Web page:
Book review - The definitive ANTLR 4 reference
The Definitive ANTLR 4 Reference Second Edition by Terence Parr (Pragmatic Bookshelf, Feb 2013). ISBN: 978-1934356999.
Summary: Programmers run into parsing problems all the time. Whether it's a data format like JSON, a network protocol like SMTP, a server configuration file for Apache, a PostScript/PDF file, or a simple spreadsheet macro language--ANTLR v4 and this book will demystify the process. ANTLR v4 has been rewritten from scratch to make it easier than ever to build parsers and the language applications built on top. This completely rewritten new edition of the bestselling Definitive ANTLR Reference shows you how to take advantage of these new features.
I had a problem to solve where I needed to take user search strings like "from:2023-01-01 to:2023-01-31 type:large" and turn it into a SQL query with a WHERE clause similar to "SELECT * FROM contoso_products t WHERE 1=1 AND t.startdate >= @P1 AND t.enddate <= @P2 AND t.frobtype IN (@P3)". The number of WHERE clauses was dynamically controlled by the user, so different clauses might not occur at all, or they might occur multiple times (possibly up to 200 parameters). The parameter values were dynamically set by the user, which meant that just dumping the values directly into SQL was unsafe due to injection attacks and/or bugs. Therefore, the input string had to be parsed and carefully translated into valid SQL.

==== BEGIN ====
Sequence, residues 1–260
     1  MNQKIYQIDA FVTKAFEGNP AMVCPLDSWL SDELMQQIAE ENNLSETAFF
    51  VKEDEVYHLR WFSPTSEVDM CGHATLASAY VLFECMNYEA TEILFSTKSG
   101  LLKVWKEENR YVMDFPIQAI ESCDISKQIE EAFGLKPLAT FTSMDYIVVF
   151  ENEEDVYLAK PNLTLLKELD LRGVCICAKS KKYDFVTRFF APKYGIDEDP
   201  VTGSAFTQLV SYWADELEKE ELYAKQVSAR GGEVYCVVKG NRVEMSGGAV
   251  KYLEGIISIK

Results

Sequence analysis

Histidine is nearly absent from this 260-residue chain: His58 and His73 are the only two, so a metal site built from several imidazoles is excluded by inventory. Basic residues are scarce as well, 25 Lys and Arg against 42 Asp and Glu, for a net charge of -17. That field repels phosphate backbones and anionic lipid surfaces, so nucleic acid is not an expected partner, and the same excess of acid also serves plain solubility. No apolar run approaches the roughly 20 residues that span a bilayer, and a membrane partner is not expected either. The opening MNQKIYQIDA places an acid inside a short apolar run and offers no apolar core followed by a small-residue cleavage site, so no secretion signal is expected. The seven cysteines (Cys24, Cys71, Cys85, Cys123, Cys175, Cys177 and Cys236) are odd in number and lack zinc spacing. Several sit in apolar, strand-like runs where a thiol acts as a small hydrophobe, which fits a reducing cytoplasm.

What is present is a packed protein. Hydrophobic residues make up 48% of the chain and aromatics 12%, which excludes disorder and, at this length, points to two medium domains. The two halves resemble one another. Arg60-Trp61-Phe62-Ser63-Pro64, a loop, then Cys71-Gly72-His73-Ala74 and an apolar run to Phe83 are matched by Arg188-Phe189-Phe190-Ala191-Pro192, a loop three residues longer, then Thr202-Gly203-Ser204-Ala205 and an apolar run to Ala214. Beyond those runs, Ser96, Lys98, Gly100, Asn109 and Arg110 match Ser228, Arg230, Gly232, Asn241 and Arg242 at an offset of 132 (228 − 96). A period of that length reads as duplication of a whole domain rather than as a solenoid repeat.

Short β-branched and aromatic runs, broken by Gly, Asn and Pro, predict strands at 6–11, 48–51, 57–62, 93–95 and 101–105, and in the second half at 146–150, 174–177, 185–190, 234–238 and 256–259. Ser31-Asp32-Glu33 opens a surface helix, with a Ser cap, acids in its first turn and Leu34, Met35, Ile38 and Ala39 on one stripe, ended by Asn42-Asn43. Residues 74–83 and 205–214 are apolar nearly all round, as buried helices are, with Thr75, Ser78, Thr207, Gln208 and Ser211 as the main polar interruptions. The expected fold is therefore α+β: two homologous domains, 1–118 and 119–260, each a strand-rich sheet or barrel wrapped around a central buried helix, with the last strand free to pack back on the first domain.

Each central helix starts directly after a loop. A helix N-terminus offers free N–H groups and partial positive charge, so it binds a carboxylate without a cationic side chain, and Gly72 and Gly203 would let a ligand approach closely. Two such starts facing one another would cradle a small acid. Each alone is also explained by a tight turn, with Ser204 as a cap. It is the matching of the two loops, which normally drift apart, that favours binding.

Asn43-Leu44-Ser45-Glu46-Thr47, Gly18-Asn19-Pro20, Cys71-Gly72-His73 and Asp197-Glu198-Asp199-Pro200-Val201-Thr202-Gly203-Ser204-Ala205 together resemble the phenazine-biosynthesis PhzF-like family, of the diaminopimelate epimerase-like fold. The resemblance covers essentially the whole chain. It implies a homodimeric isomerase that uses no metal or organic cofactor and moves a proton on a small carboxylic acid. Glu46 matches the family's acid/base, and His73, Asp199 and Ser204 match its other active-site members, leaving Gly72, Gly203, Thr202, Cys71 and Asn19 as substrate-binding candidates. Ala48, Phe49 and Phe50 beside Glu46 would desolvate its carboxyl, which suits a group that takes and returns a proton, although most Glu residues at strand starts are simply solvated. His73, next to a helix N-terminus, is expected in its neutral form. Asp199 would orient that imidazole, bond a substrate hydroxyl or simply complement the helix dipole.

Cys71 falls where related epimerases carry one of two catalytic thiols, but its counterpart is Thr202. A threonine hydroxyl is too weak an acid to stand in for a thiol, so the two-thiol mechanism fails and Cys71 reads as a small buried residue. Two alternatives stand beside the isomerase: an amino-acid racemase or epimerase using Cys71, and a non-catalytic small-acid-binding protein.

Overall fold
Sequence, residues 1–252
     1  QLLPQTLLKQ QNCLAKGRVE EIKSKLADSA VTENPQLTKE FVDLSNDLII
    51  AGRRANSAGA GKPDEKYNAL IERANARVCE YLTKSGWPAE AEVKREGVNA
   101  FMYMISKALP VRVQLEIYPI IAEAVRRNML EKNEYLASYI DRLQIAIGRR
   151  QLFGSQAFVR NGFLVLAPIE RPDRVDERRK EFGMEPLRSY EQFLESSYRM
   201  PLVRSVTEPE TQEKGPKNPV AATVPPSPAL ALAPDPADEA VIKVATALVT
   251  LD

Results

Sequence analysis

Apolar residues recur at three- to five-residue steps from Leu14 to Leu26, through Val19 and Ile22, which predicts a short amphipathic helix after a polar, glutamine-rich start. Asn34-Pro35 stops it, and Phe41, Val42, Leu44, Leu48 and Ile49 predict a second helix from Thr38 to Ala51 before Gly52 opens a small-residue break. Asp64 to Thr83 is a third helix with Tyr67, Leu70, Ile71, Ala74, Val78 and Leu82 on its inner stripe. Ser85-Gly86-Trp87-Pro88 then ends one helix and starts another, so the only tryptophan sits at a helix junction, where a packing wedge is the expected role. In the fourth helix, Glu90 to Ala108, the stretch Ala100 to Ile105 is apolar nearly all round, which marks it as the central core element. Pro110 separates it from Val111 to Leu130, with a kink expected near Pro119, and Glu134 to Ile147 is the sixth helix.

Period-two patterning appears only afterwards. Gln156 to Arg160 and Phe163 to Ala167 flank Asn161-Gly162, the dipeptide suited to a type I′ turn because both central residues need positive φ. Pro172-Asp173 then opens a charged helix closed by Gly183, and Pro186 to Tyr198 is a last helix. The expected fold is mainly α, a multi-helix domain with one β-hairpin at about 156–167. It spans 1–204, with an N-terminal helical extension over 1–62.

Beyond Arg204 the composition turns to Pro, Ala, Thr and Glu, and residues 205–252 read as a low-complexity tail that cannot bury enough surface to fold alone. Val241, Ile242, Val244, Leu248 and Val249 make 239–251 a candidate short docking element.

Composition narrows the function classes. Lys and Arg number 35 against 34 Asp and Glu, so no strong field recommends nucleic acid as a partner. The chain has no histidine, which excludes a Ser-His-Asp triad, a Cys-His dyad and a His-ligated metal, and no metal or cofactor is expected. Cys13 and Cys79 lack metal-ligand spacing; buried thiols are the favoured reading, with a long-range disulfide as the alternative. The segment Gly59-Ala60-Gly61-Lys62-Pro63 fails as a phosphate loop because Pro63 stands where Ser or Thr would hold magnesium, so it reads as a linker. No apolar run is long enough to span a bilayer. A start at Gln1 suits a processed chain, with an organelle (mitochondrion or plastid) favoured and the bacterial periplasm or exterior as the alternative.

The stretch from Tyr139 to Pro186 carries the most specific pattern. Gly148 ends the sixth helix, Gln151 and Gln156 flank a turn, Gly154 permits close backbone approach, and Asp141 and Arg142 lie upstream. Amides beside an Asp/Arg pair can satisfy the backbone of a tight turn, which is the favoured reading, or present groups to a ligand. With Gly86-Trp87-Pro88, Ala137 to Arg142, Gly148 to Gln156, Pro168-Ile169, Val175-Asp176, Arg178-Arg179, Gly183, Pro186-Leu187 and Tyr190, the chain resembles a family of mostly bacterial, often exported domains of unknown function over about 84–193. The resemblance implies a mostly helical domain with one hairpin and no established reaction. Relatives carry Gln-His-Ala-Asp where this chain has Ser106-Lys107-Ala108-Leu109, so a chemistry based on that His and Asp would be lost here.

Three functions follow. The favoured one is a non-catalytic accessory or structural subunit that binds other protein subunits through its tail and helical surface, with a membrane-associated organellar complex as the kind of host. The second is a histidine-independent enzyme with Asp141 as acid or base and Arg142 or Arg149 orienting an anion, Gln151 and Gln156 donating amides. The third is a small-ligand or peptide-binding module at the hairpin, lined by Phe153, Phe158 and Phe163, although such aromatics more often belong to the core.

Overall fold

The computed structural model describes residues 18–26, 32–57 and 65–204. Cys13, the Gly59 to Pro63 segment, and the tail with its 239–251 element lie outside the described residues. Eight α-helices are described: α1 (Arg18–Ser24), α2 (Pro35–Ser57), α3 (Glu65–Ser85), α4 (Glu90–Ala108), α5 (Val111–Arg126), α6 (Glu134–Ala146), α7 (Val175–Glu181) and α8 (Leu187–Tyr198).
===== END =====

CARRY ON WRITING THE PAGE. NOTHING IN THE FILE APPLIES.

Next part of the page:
A reasonable question is: why not use an ORM? The problem was that the available ORM would not support dynamic WHERE clauses. Each possible query would have to be compiled by the ORM, which could generate bad query execution plans and/or cause problems with joins. It was possible for multiple tables to be involved in the queries, and exposing that complexity to the user was unlikely to be easy to support.
Fortunately, ANTL 4 made it relatively easy to define a grammar and use the Listener interface to build up the WHERE clause. By starting the SQL WHERE clause with "1=1", it meant that all subsequent clauses could generate SQL of the form " AND foo = @P" or similar variations. The parameter numbers started at 1 and counted up, so setting the values was relatively straightforward, as ANTLR provides the matched text in the context provided to the ParseTreeListener.
My main problem with actually using ANTLR 4 from the book was that the practical differences and limitations were not emphasized or even stated at all. I got more help from this stackoverflow post (How does the ANTLR lexer disambiguate its rules) than from the book chapter about lexers. It would really have helped if the book started out stating that lexer rules must start with a capital letter, and the longest matching lexer rule will be preferred over other rules.
I'm also using ANTLR 4 to automatically parse a golang program, but that's a topic for another day.
Overall rating of the book: 3 out of 5 stars. It was very helpful for understanding how to use Listeners, but it was not helpful with several practical problems.